FamilySearch on its way to make many more Ukrainian archive records digital

FamilySearch International has sealed a deal with the State Archival Services of Ukraine to scan records at Ukrainian archives. This is major news for anyone researching their ancestors from Ukraine.

What this really means for Ukrainian genealogy has been answered here by Sasha Sichkarenko, field relations manager of Ukraine for FamilySearch International.

“It is a huge day! It is fantastic news and a big step forward for modern-day Ukraine and its archives!,” he say. “… I’m happy that all components met in a perfect combination in the right place at the right time. This window of opportunity can bring a lot of positive and useful things to Ukraine, to the Ukrainian people, and to all who have Ukrainian ancestry and want to know their heritage.”

FamilySearch International has been working in Ukraine since 1994. That resulted in more than 20.5 million record scans from 16 regional archives being posted to the FamilySearch catalog, Sichkarenko says.

A break in FamilySearch International’s work occurred in 2011 due to political reasons. Then the situation started improving in 2013-14, he says.

“Society wanted to move away from the Soviet heritage and perverted cultural legacy of the communist regime. It demanded fundamental changes in governmental, economic, cultural directions, including dramatic renovation of the archival sphere,” Sichkarenko says. “Recent court decisions opened the opportunity to digitize historical records by individual researchers with their own smartphones and/or cameras. The archives felt the need to move into the digital era.”

The enthusiasm was heard from many directors at the regional archives who want to see the records digitized, he says.

That enthusiasm mixed with new State Archival Services of Ukraine leadership made the new agreement possible, Sichkarenko says.

Anatoly Khromov became the new director of State Archival Services of Ukraine in December 2019. He had served as deputy of the head of the Secret Service of Ukraine archive. Khromov was a speaker of FamilySearch’s “Family History Festival”.

Soon after Khromov took his position in February, FamilySearch International high-level leaders met with State Archival Services of Ukraine officials about cooperation and an agreement.

“As you can see, it took only 5 months to come from the intentions and goodwill to the announcement of the two signatures under the Memorandum,” Sichkarenko says. “This document will allow us to negotiate with regional archives for the digitization of their records.”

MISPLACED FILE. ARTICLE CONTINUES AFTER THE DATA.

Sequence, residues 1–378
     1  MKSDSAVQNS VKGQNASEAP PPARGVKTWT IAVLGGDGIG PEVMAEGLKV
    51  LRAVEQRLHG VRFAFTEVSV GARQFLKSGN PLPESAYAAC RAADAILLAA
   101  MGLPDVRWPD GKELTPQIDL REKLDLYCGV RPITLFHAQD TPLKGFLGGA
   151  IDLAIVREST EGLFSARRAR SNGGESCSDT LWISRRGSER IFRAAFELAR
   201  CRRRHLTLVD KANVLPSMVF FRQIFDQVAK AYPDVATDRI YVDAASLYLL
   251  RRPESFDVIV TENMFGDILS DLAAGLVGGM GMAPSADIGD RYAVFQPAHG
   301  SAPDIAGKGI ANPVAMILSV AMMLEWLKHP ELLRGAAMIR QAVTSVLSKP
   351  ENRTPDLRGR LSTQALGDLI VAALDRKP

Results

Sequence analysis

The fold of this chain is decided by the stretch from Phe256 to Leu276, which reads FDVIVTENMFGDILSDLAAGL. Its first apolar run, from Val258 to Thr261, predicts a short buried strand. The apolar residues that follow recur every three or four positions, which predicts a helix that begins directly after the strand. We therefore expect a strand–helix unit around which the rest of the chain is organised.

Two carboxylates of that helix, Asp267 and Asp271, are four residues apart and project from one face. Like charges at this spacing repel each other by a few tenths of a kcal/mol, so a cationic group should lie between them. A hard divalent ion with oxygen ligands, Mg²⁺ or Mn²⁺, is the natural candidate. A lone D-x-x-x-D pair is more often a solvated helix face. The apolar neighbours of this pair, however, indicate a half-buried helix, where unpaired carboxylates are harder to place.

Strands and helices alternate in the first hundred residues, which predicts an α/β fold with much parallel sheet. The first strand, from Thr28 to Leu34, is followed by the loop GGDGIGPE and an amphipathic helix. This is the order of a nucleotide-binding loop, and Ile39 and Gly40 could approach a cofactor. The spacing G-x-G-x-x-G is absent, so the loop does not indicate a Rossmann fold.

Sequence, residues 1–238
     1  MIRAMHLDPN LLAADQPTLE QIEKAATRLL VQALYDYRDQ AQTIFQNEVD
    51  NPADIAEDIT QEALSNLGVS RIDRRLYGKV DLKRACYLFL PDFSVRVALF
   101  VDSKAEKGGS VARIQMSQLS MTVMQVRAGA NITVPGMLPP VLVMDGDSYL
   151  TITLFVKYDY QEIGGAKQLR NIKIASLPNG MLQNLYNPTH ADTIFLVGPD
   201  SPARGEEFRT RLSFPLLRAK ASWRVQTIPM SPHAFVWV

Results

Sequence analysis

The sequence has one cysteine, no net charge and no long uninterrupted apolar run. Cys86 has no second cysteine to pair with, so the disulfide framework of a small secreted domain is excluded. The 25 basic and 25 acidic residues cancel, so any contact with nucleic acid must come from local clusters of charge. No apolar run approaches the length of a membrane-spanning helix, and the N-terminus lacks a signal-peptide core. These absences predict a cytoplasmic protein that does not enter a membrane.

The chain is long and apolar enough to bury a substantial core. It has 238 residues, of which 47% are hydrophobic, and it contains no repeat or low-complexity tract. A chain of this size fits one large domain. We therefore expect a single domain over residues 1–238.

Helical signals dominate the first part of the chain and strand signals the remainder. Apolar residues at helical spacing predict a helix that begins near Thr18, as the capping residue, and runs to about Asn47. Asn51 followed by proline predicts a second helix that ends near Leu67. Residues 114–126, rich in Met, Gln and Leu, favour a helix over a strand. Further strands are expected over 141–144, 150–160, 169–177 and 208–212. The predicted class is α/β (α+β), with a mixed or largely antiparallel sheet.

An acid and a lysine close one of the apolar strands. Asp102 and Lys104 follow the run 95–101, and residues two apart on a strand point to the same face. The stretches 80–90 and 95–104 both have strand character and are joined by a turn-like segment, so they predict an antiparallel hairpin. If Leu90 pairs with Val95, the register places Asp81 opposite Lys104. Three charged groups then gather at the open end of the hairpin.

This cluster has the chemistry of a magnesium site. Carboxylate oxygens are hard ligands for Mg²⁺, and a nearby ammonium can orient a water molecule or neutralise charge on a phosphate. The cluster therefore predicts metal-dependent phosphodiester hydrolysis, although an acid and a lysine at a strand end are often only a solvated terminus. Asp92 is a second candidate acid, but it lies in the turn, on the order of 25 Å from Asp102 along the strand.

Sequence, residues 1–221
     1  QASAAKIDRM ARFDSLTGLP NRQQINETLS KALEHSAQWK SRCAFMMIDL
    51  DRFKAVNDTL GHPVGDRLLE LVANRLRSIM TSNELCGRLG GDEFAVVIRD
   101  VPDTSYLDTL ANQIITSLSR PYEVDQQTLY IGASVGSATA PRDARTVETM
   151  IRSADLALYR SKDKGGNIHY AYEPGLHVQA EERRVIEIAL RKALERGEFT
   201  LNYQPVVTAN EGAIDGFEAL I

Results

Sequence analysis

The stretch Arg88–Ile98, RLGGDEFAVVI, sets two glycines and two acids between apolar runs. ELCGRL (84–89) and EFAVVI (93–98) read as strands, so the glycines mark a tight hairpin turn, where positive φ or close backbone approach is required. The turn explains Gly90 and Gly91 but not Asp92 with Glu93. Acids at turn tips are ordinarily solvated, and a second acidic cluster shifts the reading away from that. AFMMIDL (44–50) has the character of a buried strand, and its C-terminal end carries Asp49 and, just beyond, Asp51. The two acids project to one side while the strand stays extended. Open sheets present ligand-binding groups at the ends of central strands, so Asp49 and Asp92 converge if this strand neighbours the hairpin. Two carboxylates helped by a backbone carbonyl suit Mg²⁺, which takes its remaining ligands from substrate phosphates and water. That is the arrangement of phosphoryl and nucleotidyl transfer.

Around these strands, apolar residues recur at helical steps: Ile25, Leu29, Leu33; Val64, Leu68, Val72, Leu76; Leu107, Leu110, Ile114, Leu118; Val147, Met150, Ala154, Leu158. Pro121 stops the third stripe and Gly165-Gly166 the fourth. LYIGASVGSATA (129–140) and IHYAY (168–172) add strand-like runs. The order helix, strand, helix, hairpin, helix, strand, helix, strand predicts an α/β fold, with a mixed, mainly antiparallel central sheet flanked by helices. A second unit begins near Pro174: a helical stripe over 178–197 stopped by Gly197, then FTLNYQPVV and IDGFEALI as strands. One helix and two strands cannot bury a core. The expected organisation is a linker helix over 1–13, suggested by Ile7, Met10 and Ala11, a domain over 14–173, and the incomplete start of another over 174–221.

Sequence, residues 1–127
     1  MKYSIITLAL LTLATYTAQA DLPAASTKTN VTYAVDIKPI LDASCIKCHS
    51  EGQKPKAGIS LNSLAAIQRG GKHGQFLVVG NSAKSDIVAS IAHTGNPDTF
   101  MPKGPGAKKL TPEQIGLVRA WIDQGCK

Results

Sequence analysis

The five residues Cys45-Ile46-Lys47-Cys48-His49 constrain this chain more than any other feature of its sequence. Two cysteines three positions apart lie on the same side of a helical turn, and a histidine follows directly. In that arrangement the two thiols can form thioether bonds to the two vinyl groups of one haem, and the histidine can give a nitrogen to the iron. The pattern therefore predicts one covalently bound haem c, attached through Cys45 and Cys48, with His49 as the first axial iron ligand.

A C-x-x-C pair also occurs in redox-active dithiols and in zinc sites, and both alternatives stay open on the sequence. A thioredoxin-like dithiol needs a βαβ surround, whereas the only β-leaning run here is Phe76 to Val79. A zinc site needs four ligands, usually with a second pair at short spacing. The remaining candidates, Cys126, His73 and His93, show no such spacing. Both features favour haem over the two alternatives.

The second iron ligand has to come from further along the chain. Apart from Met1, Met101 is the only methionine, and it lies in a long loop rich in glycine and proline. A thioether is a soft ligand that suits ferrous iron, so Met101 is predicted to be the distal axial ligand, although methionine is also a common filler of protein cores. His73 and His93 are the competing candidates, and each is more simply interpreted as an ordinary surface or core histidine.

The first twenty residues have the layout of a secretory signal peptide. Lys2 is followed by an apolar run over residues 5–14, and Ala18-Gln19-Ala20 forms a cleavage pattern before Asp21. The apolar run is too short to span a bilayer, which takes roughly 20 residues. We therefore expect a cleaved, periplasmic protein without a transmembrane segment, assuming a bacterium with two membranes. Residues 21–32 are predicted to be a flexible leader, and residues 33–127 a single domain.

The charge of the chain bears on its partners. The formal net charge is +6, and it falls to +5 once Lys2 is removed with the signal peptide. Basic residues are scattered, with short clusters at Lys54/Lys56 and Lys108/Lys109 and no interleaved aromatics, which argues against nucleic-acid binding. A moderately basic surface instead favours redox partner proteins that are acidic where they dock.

The ink is dried on the contract and FamilySearch International is ready to get busy with scanning archive records. Sichkarenko estimates the work will begin either in late summer or early autumn this year. The COVID-19 situation is delaying an immediate start on scanning, he says.

Sichkarenko has a list of all archive funds that focus on genealogical information that FamilySearch International wants to be included on its website.

That focus is well beyond just birth, marriage and death records. FamilySearch International wants to scan revisions, censuses, court and police records, 19th and 20th century newspapers with obituaries and other news, church prayer lists, Nazi occupation “card-indexes”, the “filtration documents” used to document Ukrainian forced laborers of Germany who were called Ostarbeiters and prisoners of WWII.

The other records of interest for FamilySearch International also include lists of orphans and widows of servicemen who died in WWI; personal files, career lists of employees with family information (late 19th to early 20th century), landownership materials; noble family records, books, maps, photos and gazetteers.

All these records that will be scanned will become available on the FamilySearch website at a time yet to be determined.  Once that happens, it will help complete so many family stories and family trees.

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